Alex Revell has been interested in World War 1 aviation since the age of six and he began serious aviation research in the early 1960s. Primarily interested in people and their role in the 1914-18 air war, he traced and interviewed many ex-members of the RFC/RAF/RNAS and is particularly proud that many of them became personal family friends. An internationally acknowledged researcher into the history of the RFC/RAF and RNAS during World War 1, Alex Revell has had many articles published in specialist aviation magazines and the journals of Cross and Cockade International and The First World War Aviation Historical Society, of which he is a founder member. His has written a number of aviation-related World War 1 titles over the years. Alex Revell's latest book, British Single-Seater Fighter Squadrons on The Western Front in World War 1, was recently awarded 'Book of the Month' in Aeroplane Monthly. The author lives in Cornwall, England.

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4.0 out of 5 stars Excellent 21 Mar 2013
By Smithy
Format:Paperback
First off, I own Mr Revell's "High in the Empty Blue" which I personally believe is one of the greatest books on air warfare, not just from WWI but from any period. This Osprey title can be viewed as a condensed and edited version of that earlier work. Owners of "High in the Empty Blue" will be familiar with 99.9% of the photographs and 100% of the information in the text. What will be new to these readers is that this new Osprey title contains a lot of new full colour profiles of 56 Sqn's SE5s and SE5as which will be hugely enjoyed by scale modellers.

This is an excellent title containing Mr Revell's phenomenal level of research and continues Osprey's reputation for high quality and competitive pricing. Recommended but do hunt down the simply magical "High in the Empty Blue" if you enjoy this.
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Amazon.com: 4.2 out of 5 stars  5 reviews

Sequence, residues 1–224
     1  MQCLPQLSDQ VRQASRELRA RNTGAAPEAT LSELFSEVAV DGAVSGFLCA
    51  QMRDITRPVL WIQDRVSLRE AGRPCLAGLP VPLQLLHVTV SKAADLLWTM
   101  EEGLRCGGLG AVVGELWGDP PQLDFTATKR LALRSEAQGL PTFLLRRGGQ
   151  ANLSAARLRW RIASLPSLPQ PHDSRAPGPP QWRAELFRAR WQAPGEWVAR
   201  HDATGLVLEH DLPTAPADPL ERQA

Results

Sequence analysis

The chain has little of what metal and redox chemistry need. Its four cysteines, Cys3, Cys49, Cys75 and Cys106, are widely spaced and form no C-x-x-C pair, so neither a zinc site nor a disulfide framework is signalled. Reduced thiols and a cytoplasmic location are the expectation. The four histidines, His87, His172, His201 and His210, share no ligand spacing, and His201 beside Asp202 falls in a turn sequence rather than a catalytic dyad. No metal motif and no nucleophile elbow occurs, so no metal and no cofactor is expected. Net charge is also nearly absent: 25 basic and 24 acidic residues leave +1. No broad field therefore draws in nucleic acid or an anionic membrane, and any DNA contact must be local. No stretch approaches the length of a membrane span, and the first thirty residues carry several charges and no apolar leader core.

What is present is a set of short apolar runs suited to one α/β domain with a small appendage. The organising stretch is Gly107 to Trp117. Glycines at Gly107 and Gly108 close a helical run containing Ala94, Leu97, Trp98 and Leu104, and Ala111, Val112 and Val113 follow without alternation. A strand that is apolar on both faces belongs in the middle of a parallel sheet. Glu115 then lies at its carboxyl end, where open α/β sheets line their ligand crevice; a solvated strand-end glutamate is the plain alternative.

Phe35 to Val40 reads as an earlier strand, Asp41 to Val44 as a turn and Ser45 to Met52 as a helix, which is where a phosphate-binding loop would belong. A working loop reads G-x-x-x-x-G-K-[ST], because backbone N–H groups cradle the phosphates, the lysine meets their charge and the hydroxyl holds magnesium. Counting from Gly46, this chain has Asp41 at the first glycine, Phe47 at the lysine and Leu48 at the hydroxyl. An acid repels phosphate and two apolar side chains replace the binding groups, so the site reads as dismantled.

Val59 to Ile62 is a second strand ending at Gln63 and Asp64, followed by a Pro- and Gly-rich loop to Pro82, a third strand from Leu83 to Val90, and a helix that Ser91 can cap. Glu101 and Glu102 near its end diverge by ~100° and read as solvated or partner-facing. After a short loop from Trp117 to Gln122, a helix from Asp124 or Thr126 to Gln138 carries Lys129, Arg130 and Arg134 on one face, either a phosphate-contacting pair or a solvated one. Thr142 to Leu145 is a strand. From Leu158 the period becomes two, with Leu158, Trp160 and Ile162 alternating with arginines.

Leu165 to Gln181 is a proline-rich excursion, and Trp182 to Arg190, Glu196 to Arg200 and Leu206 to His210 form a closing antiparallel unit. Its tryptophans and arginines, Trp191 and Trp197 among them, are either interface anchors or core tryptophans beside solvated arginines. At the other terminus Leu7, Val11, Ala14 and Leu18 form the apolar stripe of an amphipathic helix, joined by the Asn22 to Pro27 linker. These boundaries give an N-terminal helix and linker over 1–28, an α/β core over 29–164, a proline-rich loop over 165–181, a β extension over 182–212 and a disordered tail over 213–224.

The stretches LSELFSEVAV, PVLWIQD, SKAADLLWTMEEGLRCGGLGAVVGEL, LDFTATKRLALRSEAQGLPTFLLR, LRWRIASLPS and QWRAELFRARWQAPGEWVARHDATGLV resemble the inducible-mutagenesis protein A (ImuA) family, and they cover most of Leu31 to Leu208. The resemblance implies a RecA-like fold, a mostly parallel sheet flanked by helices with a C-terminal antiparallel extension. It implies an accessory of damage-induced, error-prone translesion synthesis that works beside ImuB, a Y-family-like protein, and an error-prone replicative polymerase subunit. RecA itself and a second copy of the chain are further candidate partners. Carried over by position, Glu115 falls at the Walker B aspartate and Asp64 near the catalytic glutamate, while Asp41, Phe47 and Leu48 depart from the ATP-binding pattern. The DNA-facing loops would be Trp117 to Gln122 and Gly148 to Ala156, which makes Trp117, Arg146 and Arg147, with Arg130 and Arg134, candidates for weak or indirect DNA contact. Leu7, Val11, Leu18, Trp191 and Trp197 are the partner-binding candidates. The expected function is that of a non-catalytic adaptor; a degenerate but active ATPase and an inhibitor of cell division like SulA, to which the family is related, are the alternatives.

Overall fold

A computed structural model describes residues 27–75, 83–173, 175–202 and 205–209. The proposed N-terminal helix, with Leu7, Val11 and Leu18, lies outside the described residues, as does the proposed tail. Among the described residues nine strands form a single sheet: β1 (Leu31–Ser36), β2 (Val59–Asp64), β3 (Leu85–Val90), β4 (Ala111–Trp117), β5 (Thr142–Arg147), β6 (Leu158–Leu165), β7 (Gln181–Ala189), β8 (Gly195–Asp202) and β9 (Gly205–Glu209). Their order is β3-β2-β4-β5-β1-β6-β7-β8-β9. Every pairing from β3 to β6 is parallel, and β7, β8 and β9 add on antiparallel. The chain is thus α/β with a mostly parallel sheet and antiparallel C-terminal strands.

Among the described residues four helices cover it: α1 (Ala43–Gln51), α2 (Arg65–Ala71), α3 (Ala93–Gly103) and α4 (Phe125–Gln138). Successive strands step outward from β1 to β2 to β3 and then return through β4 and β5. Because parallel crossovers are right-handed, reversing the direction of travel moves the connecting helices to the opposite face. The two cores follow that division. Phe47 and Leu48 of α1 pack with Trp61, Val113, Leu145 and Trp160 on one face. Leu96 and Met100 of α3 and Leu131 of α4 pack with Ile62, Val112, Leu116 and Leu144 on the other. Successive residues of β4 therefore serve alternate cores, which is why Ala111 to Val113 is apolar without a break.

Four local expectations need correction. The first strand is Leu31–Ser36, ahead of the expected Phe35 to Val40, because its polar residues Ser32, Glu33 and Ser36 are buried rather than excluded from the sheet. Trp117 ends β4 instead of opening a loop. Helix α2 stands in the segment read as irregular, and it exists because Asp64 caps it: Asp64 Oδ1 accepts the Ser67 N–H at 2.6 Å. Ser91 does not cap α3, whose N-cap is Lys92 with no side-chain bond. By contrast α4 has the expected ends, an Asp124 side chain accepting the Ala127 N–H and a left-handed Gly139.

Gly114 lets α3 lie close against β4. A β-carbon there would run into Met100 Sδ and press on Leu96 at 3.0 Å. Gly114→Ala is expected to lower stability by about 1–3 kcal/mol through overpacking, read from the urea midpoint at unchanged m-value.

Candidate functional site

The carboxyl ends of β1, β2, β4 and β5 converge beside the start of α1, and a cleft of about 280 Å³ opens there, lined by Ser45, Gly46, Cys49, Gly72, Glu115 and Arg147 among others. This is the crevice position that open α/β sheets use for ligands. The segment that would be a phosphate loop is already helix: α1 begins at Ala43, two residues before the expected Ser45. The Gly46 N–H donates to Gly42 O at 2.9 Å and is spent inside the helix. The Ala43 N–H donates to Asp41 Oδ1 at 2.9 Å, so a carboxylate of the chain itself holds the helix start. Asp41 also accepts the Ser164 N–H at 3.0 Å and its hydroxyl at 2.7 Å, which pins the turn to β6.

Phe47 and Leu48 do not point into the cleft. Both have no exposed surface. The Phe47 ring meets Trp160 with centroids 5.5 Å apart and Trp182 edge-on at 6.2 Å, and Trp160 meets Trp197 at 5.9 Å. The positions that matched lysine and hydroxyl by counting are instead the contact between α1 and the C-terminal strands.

5 of 5 people found the following review helpful
5.0 out of 5 stars A FITTING TRIBUTE TO ONE OF THE PREMIERE FIGHTER SQUADRONS IN THE RFC/RAF 8 Oct 2009
By MONTGOMERY - Published on Amazon.com
Format:Paperback|Verified Purchase
Last night, I finished reading this wonderful book. It chronicles the development and flowering of No. 56 Squadron from its inception in the summer of 1916 to its deployment in France in April 1917, and on til the Armistice in November 1918.

Given its initial complement of highly experienced pilots (e.g. Albert Ball and Cecil Lewis, later to become one of the founders of the BBC and famous for his wartime memoirs, "Sagittarius Rising"), 56 Squadron within 4 months of frontline service had already been credited with 100 enemy planes shot down, and acquired a reputation among the Germans as a specialist "anti-Richthofen" squadron. (Manfred von Richthofen - the so-called "Red Baron" - was the top German ace and the leader of a squadron and fighter group that was the scourge of the British air services during 1917 and 1918.)

For anyone interested in First World War aviation, this book provides a well-rounded overview of one of the premiere fighter units of the war. Among the top pilots who were affiliated with 56 Squadron: James McCudden (like Ball, a holder of the Victoria Cross, Britain's highest award for bravery), R.T.C. Hoidge, Arthur Rhys Davids (a participant in one of the epic dogfights in history, credited with shooting down the great German ace --- and rival of von Richthofen --- Werner Voss), and Richard Mayberry.